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Health workers at risk

Communication is vital for identifying potential risks in the workplace before they arise.

Lifting and moving patients is causing hundreds of Victorian workers to suffer painful yet preventable muscle and bone injuries every year.

In the year to June 2010, over 1500 Victorian aged care and hospital workers made workers’ compensation claims for muscle and bone injuries – most commonly caused by lifting and moving patients, and pushing and pulling patient trolleys and equipment.

In the same year, over $82 million was spent on costs associated with these injuries including treatment, rehabilitation, and lost wages.

Now WorkSafe Victoria has launched an advertising campaign to raise awareness of muscle and bone injuries, which account for more than half of all workplace injuries in Victoria.

“Over the past decade, we’ve seen a huge increase in expertise in aged care workplaces and hospitals around safe patient transfer,” strategic programs director Trevor Martin said.

“Projects like the ANF’s ground-breaking ‘No Lift, No Injury’ campaign a decade ago have gone a long way to raise awareness of the risks and how they can be avoided.

“However, more than 1500 workers are still being injured badly enough every year to make compensation claims.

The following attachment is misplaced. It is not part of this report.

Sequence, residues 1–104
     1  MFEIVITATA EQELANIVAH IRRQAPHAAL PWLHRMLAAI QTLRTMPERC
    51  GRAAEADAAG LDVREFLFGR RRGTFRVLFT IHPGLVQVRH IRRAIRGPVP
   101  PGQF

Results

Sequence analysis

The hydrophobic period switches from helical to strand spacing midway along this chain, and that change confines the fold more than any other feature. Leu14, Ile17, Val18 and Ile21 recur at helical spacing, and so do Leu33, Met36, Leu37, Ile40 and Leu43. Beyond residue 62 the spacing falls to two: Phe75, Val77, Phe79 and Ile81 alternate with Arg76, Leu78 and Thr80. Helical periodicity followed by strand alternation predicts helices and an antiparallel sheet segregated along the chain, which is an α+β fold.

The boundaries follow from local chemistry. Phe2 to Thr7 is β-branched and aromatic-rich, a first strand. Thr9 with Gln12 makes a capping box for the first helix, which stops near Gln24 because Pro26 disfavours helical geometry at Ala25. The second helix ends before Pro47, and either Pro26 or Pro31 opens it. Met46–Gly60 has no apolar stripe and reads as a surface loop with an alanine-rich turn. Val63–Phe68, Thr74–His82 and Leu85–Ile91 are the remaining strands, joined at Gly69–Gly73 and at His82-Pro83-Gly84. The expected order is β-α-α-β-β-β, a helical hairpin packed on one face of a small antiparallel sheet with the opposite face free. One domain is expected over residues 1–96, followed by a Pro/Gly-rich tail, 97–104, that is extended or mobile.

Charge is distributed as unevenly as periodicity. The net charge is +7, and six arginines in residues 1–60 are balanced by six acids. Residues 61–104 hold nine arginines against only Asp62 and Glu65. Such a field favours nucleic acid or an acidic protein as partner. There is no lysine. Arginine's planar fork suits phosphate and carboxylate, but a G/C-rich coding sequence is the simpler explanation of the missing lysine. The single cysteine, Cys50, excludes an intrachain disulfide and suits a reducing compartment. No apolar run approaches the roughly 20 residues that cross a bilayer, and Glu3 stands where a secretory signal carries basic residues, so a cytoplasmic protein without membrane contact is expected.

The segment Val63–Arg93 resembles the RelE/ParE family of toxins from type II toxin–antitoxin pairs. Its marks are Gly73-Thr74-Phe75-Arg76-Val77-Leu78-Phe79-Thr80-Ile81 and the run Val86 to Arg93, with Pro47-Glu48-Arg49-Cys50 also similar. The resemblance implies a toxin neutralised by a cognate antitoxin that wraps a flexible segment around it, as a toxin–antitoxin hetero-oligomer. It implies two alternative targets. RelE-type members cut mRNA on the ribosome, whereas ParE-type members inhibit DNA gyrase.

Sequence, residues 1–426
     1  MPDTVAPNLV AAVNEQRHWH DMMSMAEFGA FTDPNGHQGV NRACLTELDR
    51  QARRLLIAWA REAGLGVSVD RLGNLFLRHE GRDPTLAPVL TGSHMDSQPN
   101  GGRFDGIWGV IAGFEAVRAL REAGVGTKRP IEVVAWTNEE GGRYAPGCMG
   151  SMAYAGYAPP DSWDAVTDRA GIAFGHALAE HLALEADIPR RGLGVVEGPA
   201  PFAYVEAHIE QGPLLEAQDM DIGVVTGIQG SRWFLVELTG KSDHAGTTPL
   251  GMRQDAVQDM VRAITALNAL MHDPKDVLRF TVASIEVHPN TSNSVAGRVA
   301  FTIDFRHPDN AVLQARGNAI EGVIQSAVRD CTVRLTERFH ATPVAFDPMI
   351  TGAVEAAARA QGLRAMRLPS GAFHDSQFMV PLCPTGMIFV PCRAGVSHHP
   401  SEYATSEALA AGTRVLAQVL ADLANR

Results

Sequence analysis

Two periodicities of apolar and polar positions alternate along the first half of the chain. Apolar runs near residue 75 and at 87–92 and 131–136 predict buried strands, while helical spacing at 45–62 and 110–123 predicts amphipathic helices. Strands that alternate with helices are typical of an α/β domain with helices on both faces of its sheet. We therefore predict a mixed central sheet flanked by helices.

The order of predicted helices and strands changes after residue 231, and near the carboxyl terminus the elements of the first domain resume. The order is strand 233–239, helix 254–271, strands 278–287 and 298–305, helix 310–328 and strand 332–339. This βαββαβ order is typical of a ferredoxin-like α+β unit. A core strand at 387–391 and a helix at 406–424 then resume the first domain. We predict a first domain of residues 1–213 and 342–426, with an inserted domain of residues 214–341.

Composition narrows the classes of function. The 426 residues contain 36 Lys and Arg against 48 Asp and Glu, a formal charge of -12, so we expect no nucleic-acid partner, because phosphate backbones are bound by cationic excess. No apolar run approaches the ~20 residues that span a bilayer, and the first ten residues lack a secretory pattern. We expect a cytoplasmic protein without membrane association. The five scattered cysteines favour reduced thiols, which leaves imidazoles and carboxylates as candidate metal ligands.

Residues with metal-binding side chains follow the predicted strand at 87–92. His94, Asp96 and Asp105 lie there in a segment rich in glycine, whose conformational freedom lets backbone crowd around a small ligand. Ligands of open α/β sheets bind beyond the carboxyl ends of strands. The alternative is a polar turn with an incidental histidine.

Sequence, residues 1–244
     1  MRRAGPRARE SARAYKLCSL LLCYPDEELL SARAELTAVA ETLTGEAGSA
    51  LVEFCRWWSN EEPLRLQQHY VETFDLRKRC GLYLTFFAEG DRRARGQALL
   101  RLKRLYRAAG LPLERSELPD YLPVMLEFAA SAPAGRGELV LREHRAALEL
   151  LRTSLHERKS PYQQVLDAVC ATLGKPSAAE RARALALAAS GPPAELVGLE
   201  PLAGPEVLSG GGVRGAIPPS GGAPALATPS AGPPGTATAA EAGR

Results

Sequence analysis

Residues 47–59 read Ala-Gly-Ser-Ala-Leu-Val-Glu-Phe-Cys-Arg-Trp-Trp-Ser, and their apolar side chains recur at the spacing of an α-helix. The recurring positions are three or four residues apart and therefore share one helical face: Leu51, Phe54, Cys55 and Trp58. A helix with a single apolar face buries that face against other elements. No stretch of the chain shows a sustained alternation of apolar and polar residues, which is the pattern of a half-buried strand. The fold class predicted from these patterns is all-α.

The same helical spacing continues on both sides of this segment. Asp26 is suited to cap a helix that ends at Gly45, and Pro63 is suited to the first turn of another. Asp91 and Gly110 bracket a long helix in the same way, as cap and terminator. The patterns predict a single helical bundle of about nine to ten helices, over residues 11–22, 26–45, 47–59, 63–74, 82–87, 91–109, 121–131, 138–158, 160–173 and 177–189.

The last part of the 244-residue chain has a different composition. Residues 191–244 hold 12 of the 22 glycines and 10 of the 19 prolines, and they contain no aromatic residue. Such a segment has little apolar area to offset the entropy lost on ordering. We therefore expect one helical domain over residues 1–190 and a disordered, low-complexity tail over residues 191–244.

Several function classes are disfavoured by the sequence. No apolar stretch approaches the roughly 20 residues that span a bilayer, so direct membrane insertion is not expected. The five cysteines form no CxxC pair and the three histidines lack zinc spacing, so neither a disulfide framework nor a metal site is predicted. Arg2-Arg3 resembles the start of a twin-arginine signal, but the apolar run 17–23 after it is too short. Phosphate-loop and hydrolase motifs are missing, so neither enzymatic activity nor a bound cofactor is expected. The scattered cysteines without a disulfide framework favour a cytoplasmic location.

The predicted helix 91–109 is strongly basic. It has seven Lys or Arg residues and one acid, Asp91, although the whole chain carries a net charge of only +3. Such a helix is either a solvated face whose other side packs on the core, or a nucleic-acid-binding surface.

“These statistics don’t tell the story behind the injury, like people having to leave their career because they’re physically unable to do the work, and the impact on families and loved ones,” he said.

Maintaining best-practice and communicating the risks are essential for preventing musculoskeletal injuries, Martin said.

“Despite having the right equipment to do the job and being trained to follow the correct manual handling procedures, dealing with real-life situations can be challenging.

“Workers might want to put their patients first, which might lead them to risking their own safety.

“However, it’s important that correct procedures are always followed.

“Supervisors and managers need to ensure workers aren’t resorting to shortcuts because of time pressures or other challenges. For example, when lifting machines are available, it’s essential that they’re used – not left in cupboards because there’s not enough time to get them out,” he said.

Martin said communication was vital for identifying potential risks in the workplace before they arise.

“Regular staff meetings to discuss the risks and possible solutions will help all staff to remain vigilant and informed. A culture of continuous improvement goes a long way to avoiding the additional pressure placed on staff when a colleague is injured.

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